The empty nesters, who have four adult sons, downsized two years ago to the home at the end of a cul-de-sac in the Eastwood Community on Buddington Road. They drink coffee in their rocking chairs on the porch, eat meals outside in the warmer weather, enjoy the quiet and listen to animals nearby.

    Valerie, 56, and Marc, 59, are among the growing number of residents who have moved into manufactured homes, also referred to as mobile homes.

    The Town Council now sees manufactured homes as part of the solution to the town’s housing shortage. Earlier this month, the council voted to send a letter to the Planning and Zoning Commission asking it to consider reversing the town’s current prohibition on new mobile home parks or the addition of units at existing parks.

    Manufactured home prices range from about $40,000 for a fixer-upper to more than $200,000 for a double-wide model direct from the manufacturer, said real estate agent Diane Contino.

    Monthly lot rents in Groton range from $450 to $786, with sewer, water and trash pickup typically included and the residents responsible for paying for heat, electricity and cable.

    Deborah Jones, the town’s assistant director of planning and development services, said that decades ago the town decided to not allow new mobile home parks or expansions of existing parks.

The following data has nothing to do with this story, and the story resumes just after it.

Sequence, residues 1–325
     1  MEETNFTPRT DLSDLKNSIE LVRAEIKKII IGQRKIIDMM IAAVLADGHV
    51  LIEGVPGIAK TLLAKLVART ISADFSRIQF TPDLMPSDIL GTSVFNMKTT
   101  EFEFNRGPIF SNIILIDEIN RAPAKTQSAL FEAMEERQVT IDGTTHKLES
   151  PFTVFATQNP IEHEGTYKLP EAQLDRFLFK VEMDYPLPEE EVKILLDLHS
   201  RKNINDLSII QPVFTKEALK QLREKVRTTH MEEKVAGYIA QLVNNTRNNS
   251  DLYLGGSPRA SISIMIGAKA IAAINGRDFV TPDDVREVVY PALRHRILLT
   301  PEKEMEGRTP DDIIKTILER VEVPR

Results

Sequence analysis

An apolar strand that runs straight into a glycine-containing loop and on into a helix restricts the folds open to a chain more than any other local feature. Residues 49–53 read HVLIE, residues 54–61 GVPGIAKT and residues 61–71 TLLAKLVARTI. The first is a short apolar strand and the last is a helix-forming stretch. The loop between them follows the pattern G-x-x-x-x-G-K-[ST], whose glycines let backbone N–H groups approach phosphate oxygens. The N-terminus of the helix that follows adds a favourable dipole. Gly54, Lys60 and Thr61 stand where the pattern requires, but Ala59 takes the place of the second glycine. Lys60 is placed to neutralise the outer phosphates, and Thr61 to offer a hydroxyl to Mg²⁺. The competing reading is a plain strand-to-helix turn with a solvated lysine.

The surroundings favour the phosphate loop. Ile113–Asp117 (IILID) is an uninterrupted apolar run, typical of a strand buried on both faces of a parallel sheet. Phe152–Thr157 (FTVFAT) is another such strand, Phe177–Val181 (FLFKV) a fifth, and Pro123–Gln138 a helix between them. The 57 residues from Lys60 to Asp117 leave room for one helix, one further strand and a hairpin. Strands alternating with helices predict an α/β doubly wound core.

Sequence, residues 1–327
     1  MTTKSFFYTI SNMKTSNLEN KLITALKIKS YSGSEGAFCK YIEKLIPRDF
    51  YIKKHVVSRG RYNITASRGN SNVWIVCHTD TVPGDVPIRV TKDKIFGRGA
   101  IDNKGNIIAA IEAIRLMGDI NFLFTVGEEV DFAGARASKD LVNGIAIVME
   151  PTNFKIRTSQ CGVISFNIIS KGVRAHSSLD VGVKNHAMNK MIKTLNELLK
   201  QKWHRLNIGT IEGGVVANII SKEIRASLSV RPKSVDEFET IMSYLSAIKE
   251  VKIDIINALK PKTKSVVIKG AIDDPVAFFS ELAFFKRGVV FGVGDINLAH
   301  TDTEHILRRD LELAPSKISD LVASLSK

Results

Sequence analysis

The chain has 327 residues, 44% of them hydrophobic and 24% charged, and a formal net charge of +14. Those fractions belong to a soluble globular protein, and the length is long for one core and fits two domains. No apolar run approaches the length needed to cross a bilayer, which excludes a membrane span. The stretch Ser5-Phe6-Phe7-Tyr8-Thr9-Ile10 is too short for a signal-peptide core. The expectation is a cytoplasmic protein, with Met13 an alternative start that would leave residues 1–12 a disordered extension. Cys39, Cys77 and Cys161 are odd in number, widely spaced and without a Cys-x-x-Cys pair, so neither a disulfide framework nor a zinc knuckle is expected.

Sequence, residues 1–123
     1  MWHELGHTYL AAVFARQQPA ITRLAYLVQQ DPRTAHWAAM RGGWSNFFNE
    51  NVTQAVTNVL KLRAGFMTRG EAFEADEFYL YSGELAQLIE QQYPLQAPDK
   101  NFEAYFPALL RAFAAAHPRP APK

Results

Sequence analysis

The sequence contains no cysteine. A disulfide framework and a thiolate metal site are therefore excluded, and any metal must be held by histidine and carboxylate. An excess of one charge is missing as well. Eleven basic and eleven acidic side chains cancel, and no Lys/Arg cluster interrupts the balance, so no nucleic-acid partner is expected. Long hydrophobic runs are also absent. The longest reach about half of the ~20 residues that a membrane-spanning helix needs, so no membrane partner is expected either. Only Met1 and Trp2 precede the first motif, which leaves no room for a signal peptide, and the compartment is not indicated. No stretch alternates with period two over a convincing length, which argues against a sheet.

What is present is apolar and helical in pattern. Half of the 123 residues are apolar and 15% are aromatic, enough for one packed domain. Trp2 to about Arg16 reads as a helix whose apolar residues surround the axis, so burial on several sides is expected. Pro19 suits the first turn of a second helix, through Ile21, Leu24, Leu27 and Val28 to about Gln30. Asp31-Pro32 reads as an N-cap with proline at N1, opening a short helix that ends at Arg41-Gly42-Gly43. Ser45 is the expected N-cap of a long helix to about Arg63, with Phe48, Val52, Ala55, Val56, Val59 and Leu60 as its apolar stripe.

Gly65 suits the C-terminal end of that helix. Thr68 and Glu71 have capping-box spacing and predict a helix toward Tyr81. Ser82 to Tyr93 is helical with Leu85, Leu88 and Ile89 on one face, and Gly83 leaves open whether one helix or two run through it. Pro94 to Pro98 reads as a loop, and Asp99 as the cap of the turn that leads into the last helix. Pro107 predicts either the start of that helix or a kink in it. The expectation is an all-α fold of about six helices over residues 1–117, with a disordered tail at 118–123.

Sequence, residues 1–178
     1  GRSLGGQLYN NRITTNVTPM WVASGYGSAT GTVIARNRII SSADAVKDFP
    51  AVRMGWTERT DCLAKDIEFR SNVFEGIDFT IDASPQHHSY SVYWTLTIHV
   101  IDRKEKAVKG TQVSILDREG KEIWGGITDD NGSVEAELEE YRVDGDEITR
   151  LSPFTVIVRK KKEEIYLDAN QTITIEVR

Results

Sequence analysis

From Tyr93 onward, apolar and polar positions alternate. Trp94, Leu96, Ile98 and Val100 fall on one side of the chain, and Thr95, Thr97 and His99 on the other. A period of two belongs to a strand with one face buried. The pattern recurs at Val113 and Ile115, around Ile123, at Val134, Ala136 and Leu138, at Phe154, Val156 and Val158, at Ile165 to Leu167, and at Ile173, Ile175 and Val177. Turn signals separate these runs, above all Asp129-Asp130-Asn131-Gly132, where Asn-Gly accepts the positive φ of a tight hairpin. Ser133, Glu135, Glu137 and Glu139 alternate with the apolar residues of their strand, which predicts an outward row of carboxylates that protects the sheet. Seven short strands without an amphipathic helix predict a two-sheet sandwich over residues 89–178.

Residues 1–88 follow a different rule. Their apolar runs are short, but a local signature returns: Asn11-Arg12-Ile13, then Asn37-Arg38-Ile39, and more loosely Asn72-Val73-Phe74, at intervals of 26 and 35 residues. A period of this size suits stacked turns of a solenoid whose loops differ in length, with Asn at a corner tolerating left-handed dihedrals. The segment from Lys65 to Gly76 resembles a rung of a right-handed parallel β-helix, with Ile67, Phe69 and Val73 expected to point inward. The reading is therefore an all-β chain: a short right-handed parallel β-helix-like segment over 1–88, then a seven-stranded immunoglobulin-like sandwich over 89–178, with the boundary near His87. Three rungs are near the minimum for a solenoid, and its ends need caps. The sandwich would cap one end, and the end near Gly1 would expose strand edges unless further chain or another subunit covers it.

The Planning and Zoning Commission plans to discuss the Town Council letter at an upcoming meeting, tentatively scheduled for April 23.

    A manufactured home is defined as “a single-family house constructed entirely in a controlled factory environment,” built to federal standards and at a lower cost than traditional homes,“ according to a state information sheet.

    Typically, the resident owns the home and pays rent for the land in the manufactured home park, though sometimes the resident also rents the home, according to the state Department of Consumer Protection, which licenses manufactured homes.

    There are nine mobile home parks in Groton, according to the DCP’s list.

    Single floor living

    Valerie LaCroix said she always wanted one-floor living for the second part of her life, and after five back surgeries, going up and down the stairs is a lot.

    The couple, who had been living on the top floors of Marc’s mother’s home in New London, were looking for a new place after she died, when Marc spotted the home for sale on Facebook.

    When they drove up the road to check out the last house on the block, Marc said it was an “ah-ha moment” and they contacted the seller to buy, for $45,000, the home, which the previous owner had kept in great condition.

    Living in a manufactured home has decreased the couple’s expenses ― their monthly lot rent is $495 ― enabling Valerie to cut back on the hours she works in food service for Groton Public Schools.

    She hopes to ease into retirement in about five or six years without having to worry about working for the rest of her life.

    “It’s easier living than trying to upkeep a big house,” she said.

    ‘Naturally occurring affordable housing’

    Jon Reiner, the town’s director of planning and development services, said Groton’s housing needs span every price point and option, from people wanting to rent to others wanting to buy. A recent study shows a housing market demand for up to 6,450 new units in town over the next decade.

    He said the demand is from growth at Electric Boat and other employers, as well as a change in demographics to smaller and more single-person households. He said the production of housing over the past 15 years or so has not kept pace with demand.